| Make an A-line Skirt
A piece of stretchy material. For a medium-sized knee-length skirt (32" waist and 24" long), I used a piece that was 54" wide and about 30" long.
Cotton thread in the same or contrasting color
Sewing machine with a 90/14 needle (ball point or stretch needles are best)
3/8" elastic, about a yard
Elastic guide (available at sewing stores) or large safety pin
An A-line skirt that fits you well as a guideline
Making an a-line skirt is a great sewing project for beginners and experts alike, and an easy way to punch up a blah wardrobe. They are also a snap to make, so grab some fabric, pull out the sewing machine, pour yourself a big old cup of coffee and get sewing!
Fold your piece of material in half, with the finished (selvage) edges of the material together, wrong side out. Put your skirt (you know, the one that fits you perfectly) down on top of the fabric, flat and face up, so that one side is closest to the selvage edge and one side is closest to the fold.
Now it's time to cut. Cut around the outline of the skirt, leaving an extra 1/2-1" of material on the sides and an extra 1 1/2-2" on the top and bottom (this extra material will become the waistband, hem and sides of your new cutie). You will end up with two trapezoid-shaped pieces, larger than the finished skirt will be, that will become the front and back of it.
If your fabric isn't wide enough to cut both pieces out when it's folded over, just cut them out separately. If it isn't very stretchy, allow some extra room on the sides to slip the skirt on. This is a simple, forgiving pattern, so you don't have to stress about it, luckily! If it turns out way too small, you can take the side seams out and add panels of fabric to create more room.
After you've cut out the two pieces, fold them down the middle to check the sides, top and bottom for symmetry. This doesn't have to be extremely precise, but it's better to leave too much than too little--you can always tweak & narrow a skirt that's too big, but it's kinda tough to add fabric when the skirt is too tight or too short. Check to see that the flare will be roughly equivalent on each side.
With the right sides of the two fabric pieces together, pin one side together all the way down from top to bottom, about one pin every 3 or 4". Stitch one side about 5/8" from the edge (your sewing machine will have a guideline at 5/8", so it's easy to follow). Backstitch at the top and bottom of each side to hold the seam. Do the other side the same way. Put the stitch length on 6 or 8--it helps to have the stitches big, so they'll stretch with the material.
Iron the two side seams open on the inside, so the extra material is lying flat.
To start the waistband, fold over about 1/2" of material from the top all the way around, ironing it flat as you go. Then fold over once again from the top 1/2" so there's a double thickness. Iron it flat again and pin it together every few inches. Starting at the side seam, stitch close to the bottom edge of the waistband all the way around, stopping an inch or two before the side seam so there's enough room to feed the elastic into the waistband.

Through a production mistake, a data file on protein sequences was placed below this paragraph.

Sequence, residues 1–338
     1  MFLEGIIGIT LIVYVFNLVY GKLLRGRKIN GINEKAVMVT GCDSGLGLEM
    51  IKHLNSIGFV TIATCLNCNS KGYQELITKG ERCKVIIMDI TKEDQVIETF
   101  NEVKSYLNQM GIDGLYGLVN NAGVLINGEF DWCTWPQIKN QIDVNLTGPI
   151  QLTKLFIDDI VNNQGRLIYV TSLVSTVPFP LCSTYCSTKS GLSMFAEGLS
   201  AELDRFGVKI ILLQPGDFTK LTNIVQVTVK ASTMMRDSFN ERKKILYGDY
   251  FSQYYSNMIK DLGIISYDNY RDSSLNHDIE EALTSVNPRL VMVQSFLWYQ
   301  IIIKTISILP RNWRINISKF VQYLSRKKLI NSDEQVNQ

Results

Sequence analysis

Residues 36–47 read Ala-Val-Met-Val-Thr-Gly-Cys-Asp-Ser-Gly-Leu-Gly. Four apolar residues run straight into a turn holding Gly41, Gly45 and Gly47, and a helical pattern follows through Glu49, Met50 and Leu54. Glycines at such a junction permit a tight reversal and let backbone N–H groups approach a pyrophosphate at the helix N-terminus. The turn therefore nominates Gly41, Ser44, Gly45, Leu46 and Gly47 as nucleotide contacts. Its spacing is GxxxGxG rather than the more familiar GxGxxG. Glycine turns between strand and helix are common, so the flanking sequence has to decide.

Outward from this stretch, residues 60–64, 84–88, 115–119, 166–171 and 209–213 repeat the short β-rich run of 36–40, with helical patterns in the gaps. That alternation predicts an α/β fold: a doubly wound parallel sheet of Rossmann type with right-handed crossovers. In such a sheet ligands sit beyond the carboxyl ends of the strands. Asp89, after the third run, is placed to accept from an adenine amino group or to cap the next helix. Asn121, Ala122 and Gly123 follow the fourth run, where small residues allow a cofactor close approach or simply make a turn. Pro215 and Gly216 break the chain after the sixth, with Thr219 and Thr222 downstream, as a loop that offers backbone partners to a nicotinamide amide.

Thread the elastic through the guide, or pin it with the big safety pin, and slide it into the waistband with your fingers guiding it from the outside. Guide it all the way around the waistband. When the elastic comes out the other side, pull it as tight as you desire, usually so it puckers just a little bit evenly all the way around. You can pin the elastic together and try on the skirt so the waist feels comfortable.
If the waist is too big, try tightening the elastic. Sew the two ends together securely, either by hand or with the machine, making sure the elastic lies flat and doesn't twist. Then sew the last inch of the waistband closed, backstitching to hold the seam.
Make the hem the same way as the waistband, except that you can sew all the way around without leaving an opening.
Try your new favorite skirt on! If it's too big or a bit lopsided, take the seam that displeases you out with a seam ripper and adjust to fit, pinning and sewing it so you like it.
Now take yourself out to be admired! Maybe you need a pair of legwarmers to go with it-here's a great knitting pattern, designed by Stephanie Japel.
Make it your own
Try using a totally different color thread for contrast stitching (I like red thread on dark denim or black thread on sparkly, for example), or sew a different or similar-colored rick-rack, lace, fringe, ruffle or ribbon around the hem.
Or embroider a cool design on the front! Freehand your own or choose one of the fabulous Sublime Stitching patterns-pin-ups, pirates, martinis…
Another lovely idea is appliquéing a mod felt design-just cut out cool shapes and hand or machine-sew them on the front of the skirt. Instant style!